Monday, Jul 24, 2017
Government | Asia-Pacific | Indonesia

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West Nusa Tenggara: Eastern Indonesia’s next big thing


2 weeks ago

Muhammad Zainul Majdi, Governor, West Nusa Tenggara
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By cultivating its natural advantages, Lombok, West Nusa Tenggara’s main island, is rapidly developing its economy and emerging as a regional hub.

One part of Indonesia has emerged in recent years as a growing tourism hub, with a progressive SME development policy and potential to develop a major green field maritime hub.

This is West Nusa Tenggara, locally known as NTB, a collection of heavily forested islands making up a prosperous and increasingly internationally branded province of Eastern Indonesia. The province begins directly to the east of Bali – the country’s tourism mecca. This collection of islands is best known for Sumbawa and Lombok, with the latter having emerged in recent years as an increasingly popular tourism destination.

For many, Lombok has become “The Unspoiled Bali” and is known as a tranquil alternative to its often hectic and crowded neighbor. The Gili Islands in particular, off the coast of Lombok, have become major drawcards for visitors seeking a relaxing, eco-tourism experience on its pristine, car-free shores.


“In 2008, NTB received 480,000 tourists, and then by 2013, we reached 1 million tourist arrivals. In the year of 2016, we have already achieved 2 million tourists. As we can see, the growth accelerates very quickly under the right conditions”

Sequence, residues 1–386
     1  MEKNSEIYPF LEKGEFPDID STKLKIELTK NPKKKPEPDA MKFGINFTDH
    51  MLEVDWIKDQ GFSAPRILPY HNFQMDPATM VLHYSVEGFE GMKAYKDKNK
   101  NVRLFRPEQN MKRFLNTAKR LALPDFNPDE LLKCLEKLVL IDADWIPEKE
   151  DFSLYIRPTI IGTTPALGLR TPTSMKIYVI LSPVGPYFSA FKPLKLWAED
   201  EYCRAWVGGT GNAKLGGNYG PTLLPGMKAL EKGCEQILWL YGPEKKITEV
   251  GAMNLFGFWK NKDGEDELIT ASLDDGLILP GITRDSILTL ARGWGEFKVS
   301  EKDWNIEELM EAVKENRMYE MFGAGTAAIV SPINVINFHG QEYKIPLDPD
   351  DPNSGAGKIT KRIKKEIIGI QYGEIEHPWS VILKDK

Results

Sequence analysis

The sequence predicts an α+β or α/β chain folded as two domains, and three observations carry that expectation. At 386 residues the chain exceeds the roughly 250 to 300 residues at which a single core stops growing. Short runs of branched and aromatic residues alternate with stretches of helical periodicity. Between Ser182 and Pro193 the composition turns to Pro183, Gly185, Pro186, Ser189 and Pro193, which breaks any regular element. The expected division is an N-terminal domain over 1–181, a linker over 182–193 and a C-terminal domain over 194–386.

Muhammad Zainul Majdi, Governor, West Nusa Tenggara

The majority of the population of NTB is made of the Sasak ethnic group. They are related to the Balinese people, with religion the main distinguishing feature between the two peoples. The famous Gandrung dance – a fertility ritual undertaken by young women in golden eye masks (a well-known symbol of Bali) is also a Sasak tradition. The Gendang beleq marching drum dance is also a Sasak musical tradition. Here groups carrying enormous drums play in the streets wearing colorful costumes and public performances are a common site.        

Dotting the green, forested landscape of Lombok are the charming, pile-built, bonnet shaped rice barns known as lumbung. These distinctive and quaint structures give villages a cozy, fairytale look.